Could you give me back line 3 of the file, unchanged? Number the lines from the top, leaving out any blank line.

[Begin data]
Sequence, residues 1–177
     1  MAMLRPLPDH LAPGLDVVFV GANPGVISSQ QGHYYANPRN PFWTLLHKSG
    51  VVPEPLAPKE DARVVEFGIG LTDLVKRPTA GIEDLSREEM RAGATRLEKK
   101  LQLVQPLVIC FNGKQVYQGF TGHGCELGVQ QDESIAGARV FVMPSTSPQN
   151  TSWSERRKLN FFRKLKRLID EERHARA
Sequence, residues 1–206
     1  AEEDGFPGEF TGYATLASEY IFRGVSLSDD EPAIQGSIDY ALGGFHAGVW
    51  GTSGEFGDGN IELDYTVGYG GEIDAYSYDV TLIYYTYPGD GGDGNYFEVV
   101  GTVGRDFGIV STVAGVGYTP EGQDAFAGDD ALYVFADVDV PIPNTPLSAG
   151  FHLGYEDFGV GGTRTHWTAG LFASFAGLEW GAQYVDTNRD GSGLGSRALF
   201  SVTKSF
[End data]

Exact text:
    51  VVPEPLAPKE DARVVEFGIG LTDLVKRPTA GIEDLSREEM RAGATRLEKK